1. says

    Paul wrote:

    “Sean Carroll (the physicist,…”

    Speaking of Sean B. Carroll (the developmental biologist) you may have seen this…

    Science 7 April 2006:
    Vol. 312. no. 5770, pp. 97 – 101

    Evolution of Hormone-Receptor Complexity by Molecular Exploitation
    Jamie T. Bridgham, Sean M. Carroll, Joseph W. Thornton*

    What the heck is Sean M. Carroll (the physicist) doing writing a paper on developmental biology?

    Am I missing something or is this a huge typo? Or is there yet a third Sean Carroll afoot?

  2. says

    Mystery solved.

    There is indeed a third Sean Carroll, Sean M. Carroll who is a graduate student in the Thornton Lab at UOregon. Jamie Bridgham is a post doc at the Thornton Lab. Both George Carroll and Scott Bridgham are tenured professors at UOregon. Perhaps these folks are related to their distinguished fathers?

  3. says

    Thanks, PZ. You wouldn’t believe how many papers I get to referee from Cell, presumably meant for the other SC. That’s okay, I reject them anyway.

  4. says

    Now to comment on the paper:

    It begins:

    “The ability of mutation, selection, and drift to generate elaborate, well-adapted phenotypes has been demonstrated theoretically (1, 2), by computer simulation (3, 4), in the laboratory (5, 6), and in the field (7). How evolutionary processes assemble complex systems that depend on specific interactions among the parts is less clear, however. Simultaneous emergence of more than one element by mutational processes is unlikely, so it is not apparent how selection can drive the evolution of any part or the system as a whole. Most molecular processes are regulated by specific interactions, so the lack of exemplars for the emergence of such systems represents an important gap in evolutionary knowledge. As Darwin stated, “If it could be demonstrated that any complex organ existed which could not possibly have been formed by numerous, successive, slight modifications, my theory would absolutely break down”

    Unfortunately, the paper contributes nothing that answers this daunting dilemma. There is absolutely no evidence presented that a neo-darwinian mechanism of random mutation and natural selection created the highly organized structures, processes and systems that are described. The only thing offered is “gene duplication” without any kind of empirical support for this view.
    The authors state: “we characterized the functions of the ancestral corticoid receptor (AncCR)–the ancient protein from which GR and MR descend by gene duplication.”
    While there is sufficient evidence to conclude that these ancient proteins are related to each other and possibly originated from common origins, there is no hint of the mechanism by which this may have occurred.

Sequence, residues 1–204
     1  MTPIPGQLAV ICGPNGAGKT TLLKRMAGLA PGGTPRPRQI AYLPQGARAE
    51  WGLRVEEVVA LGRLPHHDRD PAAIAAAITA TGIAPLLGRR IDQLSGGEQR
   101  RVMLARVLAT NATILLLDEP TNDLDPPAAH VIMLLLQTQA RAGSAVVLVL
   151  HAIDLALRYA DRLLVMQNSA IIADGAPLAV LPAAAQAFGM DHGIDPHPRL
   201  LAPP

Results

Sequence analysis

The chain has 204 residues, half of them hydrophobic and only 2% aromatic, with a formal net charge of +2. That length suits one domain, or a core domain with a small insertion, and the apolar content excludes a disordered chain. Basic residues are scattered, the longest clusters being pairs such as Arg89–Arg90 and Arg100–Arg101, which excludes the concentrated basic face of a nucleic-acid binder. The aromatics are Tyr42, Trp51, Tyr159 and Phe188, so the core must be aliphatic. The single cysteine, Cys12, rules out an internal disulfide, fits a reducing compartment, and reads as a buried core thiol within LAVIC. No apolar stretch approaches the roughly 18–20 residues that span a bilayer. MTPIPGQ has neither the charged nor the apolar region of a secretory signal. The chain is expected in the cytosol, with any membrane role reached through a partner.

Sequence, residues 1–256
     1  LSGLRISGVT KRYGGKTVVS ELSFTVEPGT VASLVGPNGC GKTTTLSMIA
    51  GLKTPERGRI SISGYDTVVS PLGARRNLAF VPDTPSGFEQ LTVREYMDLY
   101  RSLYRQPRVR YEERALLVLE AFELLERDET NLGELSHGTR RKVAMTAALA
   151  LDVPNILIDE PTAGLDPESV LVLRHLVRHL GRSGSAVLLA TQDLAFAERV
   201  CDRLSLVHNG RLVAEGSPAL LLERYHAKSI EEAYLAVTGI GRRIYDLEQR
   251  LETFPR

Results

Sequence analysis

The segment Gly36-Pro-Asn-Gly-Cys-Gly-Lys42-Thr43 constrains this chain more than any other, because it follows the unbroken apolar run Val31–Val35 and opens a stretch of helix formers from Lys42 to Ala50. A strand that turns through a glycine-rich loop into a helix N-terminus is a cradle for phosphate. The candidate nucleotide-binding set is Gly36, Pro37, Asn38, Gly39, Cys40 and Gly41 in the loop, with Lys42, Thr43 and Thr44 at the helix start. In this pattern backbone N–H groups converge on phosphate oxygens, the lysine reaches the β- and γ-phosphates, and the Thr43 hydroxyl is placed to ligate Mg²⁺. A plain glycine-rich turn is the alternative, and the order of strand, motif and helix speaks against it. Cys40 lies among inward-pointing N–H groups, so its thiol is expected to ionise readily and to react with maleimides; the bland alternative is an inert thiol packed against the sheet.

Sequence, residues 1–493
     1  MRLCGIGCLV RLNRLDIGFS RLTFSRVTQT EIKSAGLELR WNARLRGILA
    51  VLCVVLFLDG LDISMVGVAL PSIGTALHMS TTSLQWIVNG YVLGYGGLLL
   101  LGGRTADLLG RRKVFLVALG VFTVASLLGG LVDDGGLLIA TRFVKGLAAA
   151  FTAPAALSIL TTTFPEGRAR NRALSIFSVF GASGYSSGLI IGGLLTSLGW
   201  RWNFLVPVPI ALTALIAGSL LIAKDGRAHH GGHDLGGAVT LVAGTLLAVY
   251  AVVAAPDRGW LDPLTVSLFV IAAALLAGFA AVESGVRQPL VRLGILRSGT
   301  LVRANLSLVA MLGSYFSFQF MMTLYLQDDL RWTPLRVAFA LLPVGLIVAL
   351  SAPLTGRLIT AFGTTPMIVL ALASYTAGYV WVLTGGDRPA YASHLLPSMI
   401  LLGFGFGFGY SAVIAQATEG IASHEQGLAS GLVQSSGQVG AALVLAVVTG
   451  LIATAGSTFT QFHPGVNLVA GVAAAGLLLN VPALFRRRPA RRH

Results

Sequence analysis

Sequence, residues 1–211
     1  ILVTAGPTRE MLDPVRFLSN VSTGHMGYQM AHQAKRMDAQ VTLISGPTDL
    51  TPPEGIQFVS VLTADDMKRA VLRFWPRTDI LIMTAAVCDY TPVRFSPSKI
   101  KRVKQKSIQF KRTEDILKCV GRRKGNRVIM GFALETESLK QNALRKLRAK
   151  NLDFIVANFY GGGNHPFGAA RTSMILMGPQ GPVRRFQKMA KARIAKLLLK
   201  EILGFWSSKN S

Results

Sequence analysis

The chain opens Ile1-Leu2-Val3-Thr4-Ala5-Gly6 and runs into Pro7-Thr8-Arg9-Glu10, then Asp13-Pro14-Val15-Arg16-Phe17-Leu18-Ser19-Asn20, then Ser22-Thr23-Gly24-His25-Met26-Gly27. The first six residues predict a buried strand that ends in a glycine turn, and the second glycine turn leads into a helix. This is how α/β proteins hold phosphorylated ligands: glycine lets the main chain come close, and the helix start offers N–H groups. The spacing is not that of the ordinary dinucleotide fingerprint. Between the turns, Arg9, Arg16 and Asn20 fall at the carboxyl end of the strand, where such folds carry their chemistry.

This is the most important question, the mechanism. That these systems are closely related, there can be no doubt, that they emerged from a common origin similarly, though not as well supported, does not elicit great concern. That they are the product of random mutation, natural selection, genetic drift or chromosome duplication is highly questionable and unlikely.
    The more likely scenario is that all of the information that led to the evolution of these structures, processes and systems was already present in the genome from the beginning and what we view as evolution is not the result of random, accidental or non-directed processes, but the unfolding of a carefully planned series of steps that were programmed into the genome at the time of its first arrival on earth.
    Noah’s ark, so to speak. Not a wooden boat filled with actual animals, but a seed (or seeds) planted on the earth in the form of DNA that took root on a fertile, water body and evolved into the complexity and diversity we see today.

    “Life comes from space because life comes from life.”

  5. says

    “Caltech”, not “CalTech”! I mean, come on, I agree with you, PZ, way too often, so at least I can be a nitpicky little bastard :)

  6. says

    Dave Bacon is right: The cognoscenti do not use interior capitalization in “Caltech”.

    As for the multiplicity of Sean Carrolls, why are all of them distinguished science types? Lucky dogs! The guy who shares my real name is a registered sex offender in the next town over (he doesn’t even have the good grace to live in another state). Damn. At least he’s not a fellow Caltech alumnus.

  7. wamba says

    So they loaded up the truck and moved to Beverly.
    Hills, that is.
    Swimmin’ pools, movie stars.

  8. vandalhooch says

    The guy who shares my real name is a PORNSTAR for crying out loud. The first time I googled myself, I almost died from laughing. My mother was less pleased.